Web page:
Lawrence Phelps & Associates, A Corporation for Organbuilding

The Rathgeb Memorial Phelps-Casavant Organ at the Deer Park United Church, Toronto, Ontario, Canada

CASAVANT ORGAN Opus #3095 built 1970, 3 Manuals, 48 Stops, 74 Ranks, 3557 Pipes

In 2009, this organ was moved from Deer Park United Church to the Church of the Holy Trinity, Toronto.

Mr. Phelps' notes about this project follow after the specification section.


Hauptwerk (II)
56 notes
Wind Pressure 60mm
62 2/3'Quinte
88'Kornett V
91 1/3'Mixtur VI
101/2'Scharf III
Schwellwerk (III)
56 notes, expressive
Wind Pressure 55mm
168'Vox coelestis
202 2/3'Sesquialtera II
212/3'Kleinmixtur IV
238'Vox Humana
Oberwerk (I)
56 notes
Wind Pressure 55mm
282 2/3'Nasat
311 3/5'Terz
321 1/3'Quintflöte
331'Scharf IV
341/4'Zimbel III
32 notes
Wind Pressure 70mm
435 1/3'Rauschpfeife III
442'Mixtur V


  • Key action: mechanical
  • Stop action: electric


  • Hauptwerk to Pedal
  • Schwellwerk to Pedal
  • Oberwerk to Pedal
  • Schwellwerk to Hauptwerk
  • Oberwerk to Hauptwerk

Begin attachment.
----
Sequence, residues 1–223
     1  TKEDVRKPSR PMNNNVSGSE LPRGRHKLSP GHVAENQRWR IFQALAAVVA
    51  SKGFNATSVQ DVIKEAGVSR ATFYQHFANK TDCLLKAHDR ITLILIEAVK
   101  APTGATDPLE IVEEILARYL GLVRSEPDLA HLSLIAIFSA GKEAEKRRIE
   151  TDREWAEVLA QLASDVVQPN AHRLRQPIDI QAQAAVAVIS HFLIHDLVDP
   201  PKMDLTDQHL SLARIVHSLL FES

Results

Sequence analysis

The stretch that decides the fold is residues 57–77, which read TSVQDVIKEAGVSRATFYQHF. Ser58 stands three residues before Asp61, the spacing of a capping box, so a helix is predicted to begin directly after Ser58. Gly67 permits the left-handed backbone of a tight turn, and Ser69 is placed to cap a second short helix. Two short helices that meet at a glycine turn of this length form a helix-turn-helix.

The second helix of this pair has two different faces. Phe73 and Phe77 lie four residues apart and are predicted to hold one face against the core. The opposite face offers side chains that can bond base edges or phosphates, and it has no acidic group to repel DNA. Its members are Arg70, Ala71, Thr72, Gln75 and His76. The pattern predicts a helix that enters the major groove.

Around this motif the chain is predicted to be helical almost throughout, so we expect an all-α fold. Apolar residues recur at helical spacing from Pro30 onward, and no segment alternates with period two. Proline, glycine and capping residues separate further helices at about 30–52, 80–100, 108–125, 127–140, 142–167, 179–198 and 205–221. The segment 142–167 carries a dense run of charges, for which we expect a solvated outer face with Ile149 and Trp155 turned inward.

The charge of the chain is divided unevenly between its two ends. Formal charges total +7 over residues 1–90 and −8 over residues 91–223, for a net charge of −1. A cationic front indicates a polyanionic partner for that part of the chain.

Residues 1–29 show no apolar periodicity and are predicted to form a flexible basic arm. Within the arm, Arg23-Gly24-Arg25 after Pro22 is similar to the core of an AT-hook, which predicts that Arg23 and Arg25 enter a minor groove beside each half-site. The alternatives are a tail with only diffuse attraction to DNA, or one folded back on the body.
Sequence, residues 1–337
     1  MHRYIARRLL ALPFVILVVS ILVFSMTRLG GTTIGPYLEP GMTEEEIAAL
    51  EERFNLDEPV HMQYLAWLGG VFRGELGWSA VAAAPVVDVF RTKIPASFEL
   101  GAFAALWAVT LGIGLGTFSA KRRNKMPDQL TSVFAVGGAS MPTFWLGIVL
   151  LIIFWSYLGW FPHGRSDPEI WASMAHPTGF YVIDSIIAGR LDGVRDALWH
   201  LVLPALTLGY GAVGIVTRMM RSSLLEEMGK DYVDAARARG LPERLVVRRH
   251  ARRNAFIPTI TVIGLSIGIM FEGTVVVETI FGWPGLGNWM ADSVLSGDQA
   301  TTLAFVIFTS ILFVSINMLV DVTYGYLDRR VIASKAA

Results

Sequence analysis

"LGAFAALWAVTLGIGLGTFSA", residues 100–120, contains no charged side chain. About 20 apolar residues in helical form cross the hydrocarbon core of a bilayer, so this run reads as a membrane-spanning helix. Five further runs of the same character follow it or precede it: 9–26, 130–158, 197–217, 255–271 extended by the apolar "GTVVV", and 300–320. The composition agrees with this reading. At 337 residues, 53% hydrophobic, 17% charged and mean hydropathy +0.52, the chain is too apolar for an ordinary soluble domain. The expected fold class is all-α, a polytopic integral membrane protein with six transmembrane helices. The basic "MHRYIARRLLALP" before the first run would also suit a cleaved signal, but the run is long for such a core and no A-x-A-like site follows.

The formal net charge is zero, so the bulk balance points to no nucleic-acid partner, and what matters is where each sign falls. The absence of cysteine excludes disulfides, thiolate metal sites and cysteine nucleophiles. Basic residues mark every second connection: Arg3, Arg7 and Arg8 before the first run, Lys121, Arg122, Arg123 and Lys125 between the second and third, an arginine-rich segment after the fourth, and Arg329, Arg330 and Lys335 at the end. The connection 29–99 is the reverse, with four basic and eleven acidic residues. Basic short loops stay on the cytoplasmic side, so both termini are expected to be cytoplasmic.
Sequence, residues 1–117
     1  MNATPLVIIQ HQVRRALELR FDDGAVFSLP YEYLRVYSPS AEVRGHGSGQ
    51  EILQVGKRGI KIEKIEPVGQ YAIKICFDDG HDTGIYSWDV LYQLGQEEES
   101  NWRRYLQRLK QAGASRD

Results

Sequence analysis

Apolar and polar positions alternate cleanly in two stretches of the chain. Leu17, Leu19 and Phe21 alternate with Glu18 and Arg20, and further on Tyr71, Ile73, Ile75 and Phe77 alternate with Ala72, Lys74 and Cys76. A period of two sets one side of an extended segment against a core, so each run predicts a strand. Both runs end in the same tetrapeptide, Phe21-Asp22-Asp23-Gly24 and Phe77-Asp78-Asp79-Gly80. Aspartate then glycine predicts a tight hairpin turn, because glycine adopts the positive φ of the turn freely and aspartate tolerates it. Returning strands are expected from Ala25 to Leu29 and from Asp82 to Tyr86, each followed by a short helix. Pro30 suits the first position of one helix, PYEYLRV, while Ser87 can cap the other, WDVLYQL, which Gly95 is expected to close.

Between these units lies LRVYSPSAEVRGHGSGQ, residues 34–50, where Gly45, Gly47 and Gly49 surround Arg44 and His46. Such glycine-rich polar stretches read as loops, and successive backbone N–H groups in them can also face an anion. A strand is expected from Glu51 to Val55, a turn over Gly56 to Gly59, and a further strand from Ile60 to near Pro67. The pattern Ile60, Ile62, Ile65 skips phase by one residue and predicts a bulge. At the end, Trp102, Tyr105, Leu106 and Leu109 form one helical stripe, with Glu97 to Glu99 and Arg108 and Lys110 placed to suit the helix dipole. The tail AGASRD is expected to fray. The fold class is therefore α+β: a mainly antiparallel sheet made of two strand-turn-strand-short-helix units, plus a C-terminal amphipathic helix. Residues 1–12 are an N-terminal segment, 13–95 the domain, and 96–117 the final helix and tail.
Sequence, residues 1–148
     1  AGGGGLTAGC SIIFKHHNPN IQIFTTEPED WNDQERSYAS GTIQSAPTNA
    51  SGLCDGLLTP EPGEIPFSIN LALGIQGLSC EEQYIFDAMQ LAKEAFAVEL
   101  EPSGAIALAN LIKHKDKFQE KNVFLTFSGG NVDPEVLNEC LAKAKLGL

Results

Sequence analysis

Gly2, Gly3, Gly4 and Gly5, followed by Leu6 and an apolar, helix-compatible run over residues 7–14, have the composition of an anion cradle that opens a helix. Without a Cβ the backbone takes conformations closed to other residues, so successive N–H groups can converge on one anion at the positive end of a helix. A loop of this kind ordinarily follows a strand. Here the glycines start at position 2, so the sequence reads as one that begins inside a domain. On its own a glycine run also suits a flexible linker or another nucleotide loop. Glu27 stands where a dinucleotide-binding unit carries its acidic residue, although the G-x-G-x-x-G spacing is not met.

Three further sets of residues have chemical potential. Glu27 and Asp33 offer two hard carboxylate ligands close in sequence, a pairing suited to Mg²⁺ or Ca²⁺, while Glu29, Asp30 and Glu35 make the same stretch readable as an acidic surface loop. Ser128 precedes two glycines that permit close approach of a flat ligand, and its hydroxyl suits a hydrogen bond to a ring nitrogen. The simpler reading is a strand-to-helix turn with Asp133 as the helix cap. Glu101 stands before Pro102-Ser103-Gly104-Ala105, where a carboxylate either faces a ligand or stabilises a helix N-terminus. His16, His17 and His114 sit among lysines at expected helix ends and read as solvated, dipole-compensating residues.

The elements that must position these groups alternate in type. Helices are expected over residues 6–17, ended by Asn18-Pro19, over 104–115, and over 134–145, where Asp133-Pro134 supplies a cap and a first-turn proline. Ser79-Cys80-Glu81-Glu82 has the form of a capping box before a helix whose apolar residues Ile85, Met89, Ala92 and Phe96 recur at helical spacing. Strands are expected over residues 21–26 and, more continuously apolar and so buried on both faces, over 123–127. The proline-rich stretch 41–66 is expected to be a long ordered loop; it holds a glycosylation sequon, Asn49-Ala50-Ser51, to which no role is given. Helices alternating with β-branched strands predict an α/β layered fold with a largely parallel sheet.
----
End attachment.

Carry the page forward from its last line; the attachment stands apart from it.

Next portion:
Adjustable Combination Action

  • Five on each division plus generals

Mr. Phelps comments about this instrument:

In developing a tonal scheme for the performance of either the German or French Classical literature, the location of the traditional stops within the scheme is as important as the actual choice of stops. In other words, “where” becomes as important as “what”.

The organ is essentially a polyphonic keyboard instrument. Therefore, the requirements of the North German polyphonic literature must be of primary concern in shaping the tonal resources of any instrument. Of course, the foundation of the design is a well developed principal chorus on each of two or three manual divisions with an equally well developed pedal division. Each of the several choruses, with its complement of flute and reed stops, must be complete enough to stand alone with integrity in the scheme, and the contrast between the various divisions must be well established in respect to pitch, tonal color and dynamic level. This is best accomplished by the method known as the “Werkprinzip” which emerged in North Europe in the work of the Master builders of the 17th century. Each division of the organ thus has a different basic pitch, Hauptwerk 16' or 8', Positiv an octave higher, and the third division an octave higher than the Positiv, etc., and the tonal composition of the instrument is reflected in its physical arrangement and clearly visible in the visual design.